We were greeted at the airport and brought on their beautiful wooden boat out to the motu atoll part surrounding the island of Bora Bora. This is where all the ritzy resorts are located. Unlike  Ta’haa and Kia Ora and the Intercontinental Moorea, most of the rooms at the Four Seasons are over water bungalows. It left me feeling a little less special with so many of them (I think there are 90?). The room was very nice- lovely bedroom with a view, in our case to the east to see sunrise, and a wonderful sitting area as well. The bathroom is in-between with a wonderful bathtub that is essentially on the deck. We were given fresh fruit on arrival, but Jim and Elise were given an mound of chocolate as well! The water outside the bungalow was uninterrupted turquoise blue, but was without coral, so there was no snorkeling off the deck.

 Unlike the other resorts where we spent most of the time in our bungalow, here we spent most of it at the pool in their large cabana which was spacious, shady and accommodated all 4 of us relative privacy. The pool guys would come by and clean our sunglasses, offer complimentary smoothies and bring us wonderful fruity drinks. Our holiday had all meals included which was really great. We didn’t overindulge, indeed, Bruce and I skipped one breakfast in order to scuba, but it was great not to feel “nickel and dimed” or in this case, hundreds and thousands!

The scuba dive was nice. We went on two dives and saw manta rays and turtles as well as myriads of fish. The Winklers went on one dive and liked it and finished their scuba course.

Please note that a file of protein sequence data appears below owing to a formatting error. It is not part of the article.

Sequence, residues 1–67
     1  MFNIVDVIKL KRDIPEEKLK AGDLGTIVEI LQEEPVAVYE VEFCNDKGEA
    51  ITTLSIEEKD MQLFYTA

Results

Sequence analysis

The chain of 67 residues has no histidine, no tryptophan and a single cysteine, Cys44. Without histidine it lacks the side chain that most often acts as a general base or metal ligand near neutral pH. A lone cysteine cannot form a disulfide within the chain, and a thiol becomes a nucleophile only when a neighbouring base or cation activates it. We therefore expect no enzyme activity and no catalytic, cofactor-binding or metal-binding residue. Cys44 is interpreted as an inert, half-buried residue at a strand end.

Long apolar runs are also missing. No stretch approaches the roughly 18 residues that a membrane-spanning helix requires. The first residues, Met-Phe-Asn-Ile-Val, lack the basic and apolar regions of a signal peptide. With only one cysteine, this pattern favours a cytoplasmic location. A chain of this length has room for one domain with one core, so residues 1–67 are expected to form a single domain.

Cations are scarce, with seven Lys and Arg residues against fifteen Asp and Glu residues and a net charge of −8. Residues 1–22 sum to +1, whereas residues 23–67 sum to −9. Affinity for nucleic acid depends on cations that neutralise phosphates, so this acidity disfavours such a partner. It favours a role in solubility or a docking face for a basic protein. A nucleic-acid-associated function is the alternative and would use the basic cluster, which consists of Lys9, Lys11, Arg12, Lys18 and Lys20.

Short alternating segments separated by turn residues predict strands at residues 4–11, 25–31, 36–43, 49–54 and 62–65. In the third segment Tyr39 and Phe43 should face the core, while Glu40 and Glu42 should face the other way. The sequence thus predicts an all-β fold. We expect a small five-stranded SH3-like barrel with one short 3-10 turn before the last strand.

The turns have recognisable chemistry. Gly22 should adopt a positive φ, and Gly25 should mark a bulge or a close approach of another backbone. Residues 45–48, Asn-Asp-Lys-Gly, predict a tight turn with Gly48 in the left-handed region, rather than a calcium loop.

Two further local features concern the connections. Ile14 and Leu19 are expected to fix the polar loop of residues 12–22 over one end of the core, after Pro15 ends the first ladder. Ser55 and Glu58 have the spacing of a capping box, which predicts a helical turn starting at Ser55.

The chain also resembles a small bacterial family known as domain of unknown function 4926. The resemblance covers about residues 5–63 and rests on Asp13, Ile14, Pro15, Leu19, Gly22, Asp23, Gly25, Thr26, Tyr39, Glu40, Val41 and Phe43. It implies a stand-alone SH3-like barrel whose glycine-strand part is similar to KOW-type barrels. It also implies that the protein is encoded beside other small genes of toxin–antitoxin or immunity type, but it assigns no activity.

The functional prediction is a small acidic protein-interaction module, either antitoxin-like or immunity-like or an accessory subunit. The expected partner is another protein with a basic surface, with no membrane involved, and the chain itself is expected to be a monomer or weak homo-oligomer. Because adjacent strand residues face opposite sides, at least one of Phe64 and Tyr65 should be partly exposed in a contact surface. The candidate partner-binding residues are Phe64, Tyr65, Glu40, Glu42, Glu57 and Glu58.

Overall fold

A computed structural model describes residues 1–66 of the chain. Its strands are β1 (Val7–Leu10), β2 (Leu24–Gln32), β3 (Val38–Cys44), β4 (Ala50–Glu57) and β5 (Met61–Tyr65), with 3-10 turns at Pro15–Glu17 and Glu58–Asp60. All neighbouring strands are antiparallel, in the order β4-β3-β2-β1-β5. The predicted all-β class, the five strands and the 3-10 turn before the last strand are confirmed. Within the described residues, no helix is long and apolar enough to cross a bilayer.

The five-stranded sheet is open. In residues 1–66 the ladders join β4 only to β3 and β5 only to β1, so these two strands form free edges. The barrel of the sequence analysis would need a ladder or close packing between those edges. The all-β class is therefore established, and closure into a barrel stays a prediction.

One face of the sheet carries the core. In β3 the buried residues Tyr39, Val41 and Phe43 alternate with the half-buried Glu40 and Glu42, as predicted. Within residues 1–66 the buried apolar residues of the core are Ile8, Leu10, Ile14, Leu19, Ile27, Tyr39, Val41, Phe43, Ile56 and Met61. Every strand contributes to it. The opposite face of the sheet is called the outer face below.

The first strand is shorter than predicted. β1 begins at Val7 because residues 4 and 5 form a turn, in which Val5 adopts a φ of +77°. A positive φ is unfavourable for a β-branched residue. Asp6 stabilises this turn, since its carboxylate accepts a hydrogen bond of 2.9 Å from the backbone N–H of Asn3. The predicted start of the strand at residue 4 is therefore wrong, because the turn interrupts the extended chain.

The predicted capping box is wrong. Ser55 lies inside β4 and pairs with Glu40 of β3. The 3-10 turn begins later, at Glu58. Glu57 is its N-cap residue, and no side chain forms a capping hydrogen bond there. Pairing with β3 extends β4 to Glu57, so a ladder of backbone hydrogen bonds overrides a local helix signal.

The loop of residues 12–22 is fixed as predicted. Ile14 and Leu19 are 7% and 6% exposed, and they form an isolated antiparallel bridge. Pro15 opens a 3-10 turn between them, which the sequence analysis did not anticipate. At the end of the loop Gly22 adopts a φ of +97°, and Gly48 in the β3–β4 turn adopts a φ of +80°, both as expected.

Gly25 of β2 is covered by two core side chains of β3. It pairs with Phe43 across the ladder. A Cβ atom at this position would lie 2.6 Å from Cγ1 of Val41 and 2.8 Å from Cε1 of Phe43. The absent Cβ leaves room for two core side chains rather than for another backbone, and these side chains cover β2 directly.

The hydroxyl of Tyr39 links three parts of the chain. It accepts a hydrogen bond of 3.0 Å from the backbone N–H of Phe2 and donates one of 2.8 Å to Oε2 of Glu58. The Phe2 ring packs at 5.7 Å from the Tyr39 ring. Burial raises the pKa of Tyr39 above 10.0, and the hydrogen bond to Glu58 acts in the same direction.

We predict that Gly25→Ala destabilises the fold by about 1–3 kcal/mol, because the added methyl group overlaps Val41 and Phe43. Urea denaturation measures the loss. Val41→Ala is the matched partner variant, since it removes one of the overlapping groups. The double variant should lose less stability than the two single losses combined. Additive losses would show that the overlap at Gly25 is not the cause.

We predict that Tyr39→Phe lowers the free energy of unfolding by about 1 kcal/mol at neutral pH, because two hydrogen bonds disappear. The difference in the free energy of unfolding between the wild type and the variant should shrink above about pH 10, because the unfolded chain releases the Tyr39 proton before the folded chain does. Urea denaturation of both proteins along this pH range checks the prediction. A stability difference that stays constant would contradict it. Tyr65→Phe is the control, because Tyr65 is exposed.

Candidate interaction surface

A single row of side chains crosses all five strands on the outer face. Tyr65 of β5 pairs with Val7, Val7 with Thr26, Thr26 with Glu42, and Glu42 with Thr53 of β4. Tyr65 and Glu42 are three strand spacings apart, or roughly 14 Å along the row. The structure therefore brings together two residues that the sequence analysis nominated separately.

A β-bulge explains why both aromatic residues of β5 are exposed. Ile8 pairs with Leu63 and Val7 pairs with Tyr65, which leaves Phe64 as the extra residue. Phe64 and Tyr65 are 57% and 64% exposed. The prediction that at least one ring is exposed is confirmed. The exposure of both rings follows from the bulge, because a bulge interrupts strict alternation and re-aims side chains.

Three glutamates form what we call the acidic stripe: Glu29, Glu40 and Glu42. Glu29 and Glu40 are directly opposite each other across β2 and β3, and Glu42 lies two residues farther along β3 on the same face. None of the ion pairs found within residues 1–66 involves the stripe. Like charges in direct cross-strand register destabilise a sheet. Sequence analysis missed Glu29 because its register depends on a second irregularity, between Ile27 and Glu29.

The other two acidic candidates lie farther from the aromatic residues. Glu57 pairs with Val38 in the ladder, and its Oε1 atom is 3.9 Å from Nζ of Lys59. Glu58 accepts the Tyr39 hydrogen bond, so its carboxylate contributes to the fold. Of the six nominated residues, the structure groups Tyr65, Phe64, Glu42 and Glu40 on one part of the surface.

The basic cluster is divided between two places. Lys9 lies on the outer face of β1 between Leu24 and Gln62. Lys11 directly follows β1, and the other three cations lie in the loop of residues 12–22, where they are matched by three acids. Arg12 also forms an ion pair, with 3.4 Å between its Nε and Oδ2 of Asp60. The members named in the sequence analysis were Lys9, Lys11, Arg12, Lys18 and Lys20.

Our favorite part of the Four Seasons was the lagoon where the marine biologist works. He is French and traveled around he world on a sailboat and ended up in Bora Bora where the Four Seasons gave him the task of setting up an eco friendly coral garden letting the local fish find their own way in. He has coral growing and lots of beautiful fish. This is where I saw my first clown fish guarding her eggs that she laid in the anenome. There was also a wonderful octopus who came out to say hi to Oliver and changed colors instantly for us. The moray eel came out of his hole and was 7- 8 feet long. I had never seen one swim in totality before and he was quite a site! Bruce found scorpion fish and there was a porcipine fish and large spotted box fish who live under a bridge. Overall, this was my favorite thing we did there, partially due to educational aspect of the marine biologist. Bruce and I also kayaked, which was fun.

It was a really nice weekend with wonderful friends in a beautiful spot!